It is well known that in simulating the absorption of radiation, the human body resembles a lossy dielectric which absorbs electrical radiation. The local maxima of the body loss is measured by the SAR (Specific Absorption Rate) performance. Losses of radiated energy to the body represent a waste of energy which will needlessly reduce battery life prematurely without enhancing the overall performance of the terminal,

An object of the present invention is to improve the SAR of a capacitively back-coupled handset.

According to the present invention there is provided a wireless terminal comprising a printed circuit board having a ground conductor, a back-coupling capacitor mounted on the printed circuit board and including a plate electrode spaced from a surface of the printed circuit board, and a radiation blocking shield spaced from a side of the printed circuit board which in use faces a lossy side of the terminal.

The advantages of providing a shield are that the SAR is improved and that the shield can be placed relatively close to the printed circuit board in the handset which will enable the terminal, for example mobile telephone handset, to be slimmer and thereby more, attractive to users.

An elongate slot may be provided in the ground conductor which will enable the operating frequency bandwidth of the terminal to be widened without the terminal having to be made thicker.

The present invention will now be described, by way of example, with reference to the accompanying drawings, wherein:

FIG. 1 is a diagrammatic perspective view from the back of an embodiment of a portable wireless terminal made in accordance with the present invention,

FIG. 2 is a diagrammatic perspective view from the front of an embodiment of a portable wireless terminal made in accordance with the present invention,

FIG. 3 is graph of simulated return loss S11 in dB against frequency f in GHz for the portable wireless terminal shown in FIGS. 1 and 2,

FIG. 4 is a Smith chart showing the simulated impedance of the portable wireless terminal shown in FIGS. 1 and 2 over the frequency range 800.0 MHz to 3.0 GHz,

FIGS. 5 and 6 are graphs of real and imaginary parts of the antenna input impedance in ohms against frequency f in GHz, respectively, for the portable wireless terminal shown in FIGS. 1 and 2 having the shield in place,

FIG. 7 is a sketch showing a portion of the printed circuit board with the plate of the capacitor covering a portion of the slot,

FIG. 8 is a sketch showing a portion of the printed circuit board having the capacitor but no slot,

FIG. 9 is a sketch showing a portion of the printed circuit board having the slot extending transversely of the printed circuit board, and

FIG. 10 is a sketch showing the capacitor mounted in the space between the printed circuit board and the shield.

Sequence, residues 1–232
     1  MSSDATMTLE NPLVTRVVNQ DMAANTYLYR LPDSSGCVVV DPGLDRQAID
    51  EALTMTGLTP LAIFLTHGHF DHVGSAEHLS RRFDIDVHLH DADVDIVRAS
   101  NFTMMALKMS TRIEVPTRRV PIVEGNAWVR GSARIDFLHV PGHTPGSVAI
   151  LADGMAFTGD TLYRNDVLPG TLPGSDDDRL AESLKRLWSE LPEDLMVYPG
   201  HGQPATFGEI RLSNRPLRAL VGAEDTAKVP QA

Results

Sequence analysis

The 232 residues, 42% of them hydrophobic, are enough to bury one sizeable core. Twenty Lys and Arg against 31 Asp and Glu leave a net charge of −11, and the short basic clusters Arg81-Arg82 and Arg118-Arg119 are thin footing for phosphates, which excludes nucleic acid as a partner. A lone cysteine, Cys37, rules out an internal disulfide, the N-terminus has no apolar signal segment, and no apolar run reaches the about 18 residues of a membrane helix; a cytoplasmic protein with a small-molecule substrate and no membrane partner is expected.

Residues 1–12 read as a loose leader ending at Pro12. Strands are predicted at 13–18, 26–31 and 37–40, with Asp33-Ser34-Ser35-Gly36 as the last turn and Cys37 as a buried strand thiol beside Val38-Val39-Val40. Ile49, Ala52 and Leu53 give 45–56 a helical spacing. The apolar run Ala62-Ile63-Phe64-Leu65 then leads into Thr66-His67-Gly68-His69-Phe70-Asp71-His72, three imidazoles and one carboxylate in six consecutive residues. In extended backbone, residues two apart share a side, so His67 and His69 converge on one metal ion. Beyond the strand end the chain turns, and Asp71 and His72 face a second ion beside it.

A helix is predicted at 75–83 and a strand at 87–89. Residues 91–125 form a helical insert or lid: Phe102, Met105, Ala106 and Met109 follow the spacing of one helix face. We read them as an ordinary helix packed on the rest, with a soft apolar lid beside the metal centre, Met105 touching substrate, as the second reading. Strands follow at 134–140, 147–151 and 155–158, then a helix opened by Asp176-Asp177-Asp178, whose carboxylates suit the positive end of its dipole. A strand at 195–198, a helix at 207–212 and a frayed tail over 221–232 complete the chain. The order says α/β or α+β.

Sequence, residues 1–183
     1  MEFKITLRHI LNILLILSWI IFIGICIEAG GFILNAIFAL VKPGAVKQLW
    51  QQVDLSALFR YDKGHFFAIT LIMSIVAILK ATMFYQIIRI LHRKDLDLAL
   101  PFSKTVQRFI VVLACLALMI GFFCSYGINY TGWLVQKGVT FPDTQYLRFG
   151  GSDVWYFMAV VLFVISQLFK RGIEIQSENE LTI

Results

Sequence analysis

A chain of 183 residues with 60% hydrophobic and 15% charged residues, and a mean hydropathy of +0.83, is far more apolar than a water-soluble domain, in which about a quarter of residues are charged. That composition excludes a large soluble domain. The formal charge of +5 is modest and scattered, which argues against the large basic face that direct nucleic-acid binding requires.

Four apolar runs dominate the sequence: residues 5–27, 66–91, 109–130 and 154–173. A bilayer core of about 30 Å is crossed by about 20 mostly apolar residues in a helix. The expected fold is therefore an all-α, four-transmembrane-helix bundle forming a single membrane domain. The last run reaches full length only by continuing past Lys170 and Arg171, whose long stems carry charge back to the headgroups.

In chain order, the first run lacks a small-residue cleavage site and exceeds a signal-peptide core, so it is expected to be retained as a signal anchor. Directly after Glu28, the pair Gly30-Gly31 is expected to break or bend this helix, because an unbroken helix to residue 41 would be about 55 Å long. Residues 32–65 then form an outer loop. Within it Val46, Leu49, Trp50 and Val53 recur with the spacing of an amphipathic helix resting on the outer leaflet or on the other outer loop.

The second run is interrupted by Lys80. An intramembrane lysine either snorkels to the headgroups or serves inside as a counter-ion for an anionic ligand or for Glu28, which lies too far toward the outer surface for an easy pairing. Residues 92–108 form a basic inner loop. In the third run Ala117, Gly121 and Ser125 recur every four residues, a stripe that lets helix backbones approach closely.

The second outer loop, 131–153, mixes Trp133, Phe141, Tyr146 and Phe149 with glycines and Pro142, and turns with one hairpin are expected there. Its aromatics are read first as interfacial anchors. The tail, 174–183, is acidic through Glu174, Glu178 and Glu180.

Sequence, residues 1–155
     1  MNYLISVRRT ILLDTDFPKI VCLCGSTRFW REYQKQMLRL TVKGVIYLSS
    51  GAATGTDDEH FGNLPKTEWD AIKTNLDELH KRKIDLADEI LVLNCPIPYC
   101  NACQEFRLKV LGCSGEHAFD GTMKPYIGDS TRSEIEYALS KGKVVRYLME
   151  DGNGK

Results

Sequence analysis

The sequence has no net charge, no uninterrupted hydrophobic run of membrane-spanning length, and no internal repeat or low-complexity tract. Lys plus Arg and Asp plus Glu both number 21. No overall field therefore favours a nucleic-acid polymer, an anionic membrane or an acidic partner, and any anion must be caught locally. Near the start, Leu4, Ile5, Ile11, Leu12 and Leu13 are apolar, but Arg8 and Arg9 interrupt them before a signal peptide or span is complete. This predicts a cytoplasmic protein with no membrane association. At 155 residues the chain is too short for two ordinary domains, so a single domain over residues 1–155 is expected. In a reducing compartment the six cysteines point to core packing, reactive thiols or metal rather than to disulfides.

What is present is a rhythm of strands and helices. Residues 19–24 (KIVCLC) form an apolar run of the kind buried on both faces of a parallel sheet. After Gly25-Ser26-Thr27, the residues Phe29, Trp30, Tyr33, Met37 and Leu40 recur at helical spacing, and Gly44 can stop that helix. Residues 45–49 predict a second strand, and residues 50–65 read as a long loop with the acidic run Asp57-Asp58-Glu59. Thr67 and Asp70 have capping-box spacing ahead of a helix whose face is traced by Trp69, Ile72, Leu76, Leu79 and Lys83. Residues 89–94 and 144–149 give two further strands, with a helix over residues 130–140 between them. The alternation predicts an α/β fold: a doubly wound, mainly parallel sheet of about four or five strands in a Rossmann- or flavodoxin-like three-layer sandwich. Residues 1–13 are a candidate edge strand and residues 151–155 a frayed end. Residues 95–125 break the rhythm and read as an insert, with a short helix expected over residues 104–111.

In the drawings the same reference numerals have been used to indicate corresponding features.

The embodiment of the wireless terminal shown in FIGS. 1 and 2 comprises a capacitively back-coupled handset 10 suitable for use as a cellular or cordless telephone. The handset 10 has an external plastics housing 12, shown in broken lines, on the front side of which are provided an aperture 14 for access to a microphone (not shown), apertures 16 for access to a loudspeaker (not shown), a LCD panel 18 and a keypad 20.

Within the housing 12 is mounted an elongate printed circuit board 22 carrying on at least one surface electronic components (not shown) required for the control of the handset 10 and for the associated processing of transmitted and received speech and data signals. At least a portion of the other surface of the circuit board 22 facing the back of the handset is metallised to provide a ground plane 24.

The illustrated handset does not have a dedicated, separate antenna but has a physically small back-coupling capacitor C designed to have a large capacitance for maximum coupling and minimum reactance. The residual reactance of the back-coupling capacitor can be tuned out with a simple matching circuit, for example a series inductor followed by a shunt inductor. By correct design of the handset 10, the bandwidth can be much greater than with a conventional antenna and handset combination, because the handset acts as a low Q radiating element (simulations show a typical Q is around 1), whereas conventional antennas typically have a Q of around 50.

The capacitor C comprises a parallel plate capacitor formed by a first plate consisting of a 10 mm×10 mm plate 26 mounted on an insulated support 28 above the corner of the ground plane 24 which constitutes a second plate of the capacitor. The first plate 26 of the capacitor is fed by way of a transmission line (not shown) which extends through the support 28. The resulting capacitance is of the order of 0.5 pF, representing a compromise between capacitance (which would be increased by reducing the separation of the plate 26 and the ground plane 24) and the coupling effectiveness (which depends on the separation of the plate 26 and the ground plane).